City of Jacksonville changing code enforcement procedures as a result of I-TEAM investigation

New policy applies to all tenants

The mayor's office changing code enforcement policies in response to Hilltop investigation.

JACKSONVILLE, Fla. – The city of Jacksonville is drafting new policy and procedures related to how code enforcement officers hold landlords accountable if they find violations that do not meet minimum housing standards.

In other words, if landlords take too long to fix living conditions considered unsafe or unhealthy for a tenant, the city can issue a citation to the landlord, which can cost $250 per violation.

This sweeping change to the way code enforcement addresses uncooperative landlords applies to all tenant-landlord issues, said Stephanie Burch, the city’s deputy chief administrative officer.

The decision to revamp the process is directly related to a series of I-TEAM stories exposing a mice infestation at the Hilltop Village Apartments on West 45th Street in Northwest Jacksonville.

Specifically, we discovered code enforcement inspectors were called by a tenant, Sedricia Tinsley, in May 2020 reporting a mice infestation. An inspector confirmed a “rodent infestation” in her apartment the following month. An inspector then returned in August, September and twice in October to see if the violation had been remedied. Each time, the inspector noted there had been no change or that the rodent problem was worse. Yet the landlord was not fined or penalized.

We wanted to know why it took our story, 11 months later, for code enforcement to issue a citation to the landlord.

Burch explained why it took so long, saying: “There are a couple of different ways that citations can be written for different types of violations through the code. One process is to take it to a special magistrate and, if that happens, it’s very similar to going to court. You have to have all your correct paperwork, all the evidence that you need to have, then you have to present it to the magistrate.”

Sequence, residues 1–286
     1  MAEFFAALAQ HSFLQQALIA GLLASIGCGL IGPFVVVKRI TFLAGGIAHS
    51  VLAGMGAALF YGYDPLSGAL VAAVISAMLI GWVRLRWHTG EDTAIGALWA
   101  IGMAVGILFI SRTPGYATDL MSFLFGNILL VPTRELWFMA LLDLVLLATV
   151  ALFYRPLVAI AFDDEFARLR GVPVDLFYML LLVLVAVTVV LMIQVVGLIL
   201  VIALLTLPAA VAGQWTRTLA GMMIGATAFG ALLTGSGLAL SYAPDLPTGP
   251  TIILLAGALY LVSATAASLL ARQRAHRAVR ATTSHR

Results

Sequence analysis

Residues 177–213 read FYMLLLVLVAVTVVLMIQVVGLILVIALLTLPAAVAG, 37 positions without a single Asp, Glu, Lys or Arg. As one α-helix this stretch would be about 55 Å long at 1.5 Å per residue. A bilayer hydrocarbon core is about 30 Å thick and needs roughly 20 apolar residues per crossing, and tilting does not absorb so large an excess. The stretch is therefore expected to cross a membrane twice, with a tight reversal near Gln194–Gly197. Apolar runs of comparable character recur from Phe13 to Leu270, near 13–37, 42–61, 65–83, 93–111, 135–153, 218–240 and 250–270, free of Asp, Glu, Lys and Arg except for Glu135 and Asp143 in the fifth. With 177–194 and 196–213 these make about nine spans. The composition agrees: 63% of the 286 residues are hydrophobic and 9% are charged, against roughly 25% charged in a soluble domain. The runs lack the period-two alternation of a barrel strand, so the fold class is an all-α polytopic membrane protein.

Burch said the magistrate can then order the landlord to fix the problem and, if it is not, then a citation can be issued. She said that code violations that involve interior problems, problems inside an apartment, are typically sent to a special magistrate.

For Tinsley, the tenant who reported a mice infestation on May 9, 2020, it took from October to Jan. 11 for a special magistrate to hear her case even after five previous inspections. Despite evidence of a persistent mice infestation, the magistrate gave the landlord 30 days to fix the violation. When inspectors returned to Tinsley’s apartment after 30 days and noted rodents were still present, another magistrate granted the landlord an additional 30 days to comply. When that time period ended, an inspector returned to Tinsley’s apartment on April 20 and again found evidence of mice. The case was scheduled to appear again before another special magistrate on May 13 without any fine levied against the landlord.

It wasn’t until our story aired and we called the mayor’s office asking for answers that Tinsley’s case was pulled from the special magistrate process. On Friday, 360 days after Tinsley called code enforcement, the landlord was issued a citation.